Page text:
NSDUH REPORT: DRIVING UNDER THE INFLUENCE (DUI) AMONG YOUNG PERSONS

December 31, 2004

more drinks on the same occasion on each of 5 or more days in the past 30 days; all heavy alcohol users also are binge alcohol users. NSDUH defines "illicit drugs" to include marijuana/hashish, cocaine (including crack), inhalants, hallucinogens, heroin, or prescription-type drugs used nonmedically. This report presents the prevalence of DUI involving alcohol or illicit drugs, as well as the prevalence of being arrested for DUI among persons aged 16 to 20.5 To improve the reliability of estimates for population subgroups, all estimates presented in this report are annual averages based on combined data from the 2002 and 2003 NSDUH. However, the prevalence of DUI involving alcohol or illicit drugs among persons aged 16 to 20 was lower in 2003 (20 percent) than in 2002 (22 percent).

Figure 1. Percentages of Persons Aged 16 to 20 Who Reported Driving a Vehicle Under the Influence of Alcohol or Illicit Drugs in the Past Year: 2002 and 2003
25% 20.9 20% 17.0 15% 10% 5% 0% 13.5

8.3

Prevalence of Substance Use and DUI
In 2002 and 2003, an annual average of 44 percent of persons aged 16 to 20 had used alcohol in the past month, 30 percent were binge alcohol users, and 10 percent were heavy alcohol users. Approximately 38 percent of this age group had used an illicit drug in the past year. In 2002 and 2003, more than 4 million persons (21 percent) aged 16 to 20 reported DUI involving either alcohol or illicit drugs in the past year (Figure 1). In this age group, 17 percent reported past year DUI involving alcohol, 14 percent reported DUI involving illicit drugs, and 8 percent reported DUI involving a combination of alcohol and illicit drugs used together.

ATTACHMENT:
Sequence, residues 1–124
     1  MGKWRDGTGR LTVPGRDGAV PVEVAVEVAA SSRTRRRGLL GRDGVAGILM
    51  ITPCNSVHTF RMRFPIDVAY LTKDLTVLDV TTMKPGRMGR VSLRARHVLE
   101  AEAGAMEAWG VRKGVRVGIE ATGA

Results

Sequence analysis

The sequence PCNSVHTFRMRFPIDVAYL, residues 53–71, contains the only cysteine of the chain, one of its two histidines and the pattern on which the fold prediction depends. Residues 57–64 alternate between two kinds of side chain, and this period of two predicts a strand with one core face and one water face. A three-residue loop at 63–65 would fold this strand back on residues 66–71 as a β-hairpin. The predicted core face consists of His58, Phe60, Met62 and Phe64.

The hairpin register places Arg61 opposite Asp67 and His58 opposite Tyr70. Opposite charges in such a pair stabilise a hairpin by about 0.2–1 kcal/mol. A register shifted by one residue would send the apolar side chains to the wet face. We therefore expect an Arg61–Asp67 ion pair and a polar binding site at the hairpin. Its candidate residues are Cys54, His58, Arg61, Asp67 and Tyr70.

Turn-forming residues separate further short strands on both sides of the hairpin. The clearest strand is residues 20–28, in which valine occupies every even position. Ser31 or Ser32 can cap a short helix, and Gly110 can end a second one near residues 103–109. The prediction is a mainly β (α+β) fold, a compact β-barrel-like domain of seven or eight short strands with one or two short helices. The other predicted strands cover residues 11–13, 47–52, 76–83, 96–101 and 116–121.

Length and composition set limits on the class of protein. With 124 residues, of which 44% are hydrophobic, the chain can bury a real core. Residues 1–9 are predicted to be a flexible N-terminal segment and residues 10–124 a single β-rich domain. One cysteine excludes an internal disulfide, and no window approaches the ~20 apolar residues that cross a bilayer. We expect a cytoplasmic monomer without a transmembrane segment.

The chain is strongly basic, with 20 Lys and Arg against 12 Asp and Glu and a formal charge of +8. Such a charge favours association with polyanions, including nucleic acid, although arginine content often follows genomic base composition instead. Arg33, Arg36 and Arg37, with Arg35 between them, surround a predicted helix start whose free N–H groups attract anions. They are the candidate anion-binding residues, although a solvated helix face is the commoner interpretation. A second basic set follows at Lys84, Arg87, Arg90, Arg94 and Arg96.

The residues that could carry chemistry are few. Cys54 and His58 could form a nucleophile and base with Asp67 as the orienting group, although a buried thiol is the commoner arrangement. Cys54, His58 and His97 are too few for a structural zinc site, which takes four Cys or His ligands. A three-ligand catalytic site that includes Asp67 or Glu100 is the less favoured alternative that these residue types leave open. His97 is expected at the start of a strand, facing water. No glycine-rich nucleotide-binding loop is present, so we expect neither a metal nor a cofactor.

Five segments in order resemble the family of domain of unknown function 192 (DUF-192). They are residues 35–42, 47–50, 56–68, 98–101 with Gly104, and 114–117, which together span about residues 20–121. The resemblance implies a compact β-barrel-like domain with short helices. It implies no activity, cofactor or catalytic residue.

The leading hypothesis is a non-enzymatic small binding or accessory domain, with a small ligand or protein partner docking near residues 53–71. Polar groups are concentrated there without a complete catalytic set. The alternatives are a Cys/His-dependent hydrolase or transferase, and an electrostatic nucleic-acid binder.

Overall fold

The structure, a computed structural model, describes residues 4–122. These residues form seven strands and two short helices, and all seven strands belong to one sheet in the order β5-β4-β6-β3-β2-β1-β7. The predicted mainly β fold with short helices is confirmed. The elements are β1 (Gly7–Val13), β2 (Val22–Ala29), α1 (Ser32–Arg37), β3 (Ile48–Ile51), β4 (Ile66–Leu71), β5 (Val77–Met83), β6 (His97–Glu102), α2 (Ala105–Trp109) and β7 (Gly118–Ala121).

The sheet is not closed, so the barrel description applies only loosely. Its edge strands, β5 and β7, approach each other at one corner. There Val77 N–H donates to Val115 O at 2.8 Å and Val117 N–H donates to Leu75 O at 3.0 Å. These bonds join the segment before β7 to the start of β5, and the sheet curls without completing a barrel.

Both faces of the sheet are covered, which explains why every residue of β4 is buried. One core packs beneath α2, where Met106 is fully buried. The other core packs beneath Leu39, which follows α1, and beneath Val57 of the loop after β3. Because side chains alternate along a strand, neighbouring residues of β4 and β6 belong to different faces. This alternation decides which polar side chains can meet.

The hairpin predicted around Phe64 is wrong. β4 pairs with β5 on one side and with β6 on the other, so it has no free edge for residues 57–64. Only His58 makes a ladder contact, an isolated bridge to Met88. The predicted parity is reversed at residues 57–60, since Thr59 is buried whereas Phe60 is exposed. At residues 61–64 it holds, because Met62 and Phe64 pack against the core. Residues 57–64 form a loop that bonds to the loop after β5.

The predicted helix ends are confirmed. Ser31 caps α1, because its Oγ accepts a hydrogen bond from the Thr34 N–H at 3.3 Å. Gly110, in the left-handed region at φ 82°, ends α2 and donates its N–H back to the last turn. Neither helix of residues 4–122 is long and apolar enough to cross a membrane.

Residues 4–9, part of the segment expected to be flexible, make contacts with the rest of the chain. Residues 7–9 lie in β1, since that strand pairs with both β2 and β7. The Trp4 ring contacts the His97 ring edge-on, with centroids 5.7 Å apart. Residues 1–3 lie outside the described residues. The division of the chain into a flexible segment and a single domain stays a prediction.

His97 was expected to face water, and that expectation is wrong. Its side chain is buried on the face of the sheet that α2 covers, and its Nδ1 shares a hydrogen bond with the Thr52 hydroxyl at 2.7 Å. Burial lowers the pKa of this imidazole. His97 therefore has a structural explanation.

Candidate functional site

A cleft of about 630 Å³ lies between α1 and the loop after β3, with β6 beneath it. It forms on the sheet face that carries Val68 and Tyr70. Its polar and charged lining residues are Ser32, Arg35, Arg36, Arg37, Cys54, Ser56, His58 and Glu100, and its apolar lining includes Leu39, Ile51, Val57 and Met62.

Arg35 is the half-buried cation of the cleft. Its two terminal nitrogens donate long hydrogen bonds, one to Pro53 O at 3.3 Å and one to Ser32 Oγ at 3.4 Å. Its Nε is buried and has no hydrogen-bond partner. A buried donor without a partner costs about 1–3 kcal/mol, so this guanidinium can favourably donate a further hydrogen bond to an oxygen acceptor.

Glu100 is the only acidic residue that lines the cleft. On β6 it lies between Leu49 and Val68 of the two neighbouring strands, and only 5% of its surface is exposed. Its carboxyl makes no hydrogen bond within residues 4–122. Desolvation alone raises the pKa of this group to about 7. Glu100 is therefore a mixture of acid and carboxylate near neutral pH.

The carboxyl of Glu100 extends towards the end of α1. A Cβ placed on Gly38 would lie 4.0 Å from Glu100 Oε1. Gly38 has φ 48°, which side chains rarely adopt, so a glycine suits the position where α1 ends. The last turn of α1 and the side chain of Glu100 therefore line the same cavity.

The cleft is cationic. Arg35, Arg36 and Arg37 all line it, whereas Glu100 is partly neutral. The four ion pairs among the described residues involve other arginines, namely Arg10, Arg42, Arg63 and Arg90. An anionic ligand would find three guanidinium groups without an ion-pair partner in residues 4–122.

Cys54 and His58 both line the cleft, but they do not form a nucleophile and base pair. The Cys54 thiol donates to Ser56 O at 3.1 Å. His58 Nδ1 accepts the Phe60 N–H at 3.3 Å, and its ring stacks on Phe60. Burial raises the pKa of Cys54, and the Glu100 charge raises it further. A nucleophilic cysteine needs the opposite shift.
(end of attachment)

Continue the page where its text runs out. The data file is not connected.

Driven Under Driven Under Driven Under Driven Under Combined Influence of Influence of Influence of Illicit Drugs Either Alcohol Influence of Alcohol or Illicit Drugs Alcohol and Illicit Drugs

Figure 2. Percentages of Persons Aged 16 to 20 Who Reported Driving a Vehicle Under the Influence of Alcohol or Illicit Drugs in the Past Year, by Age: 2002 and 2003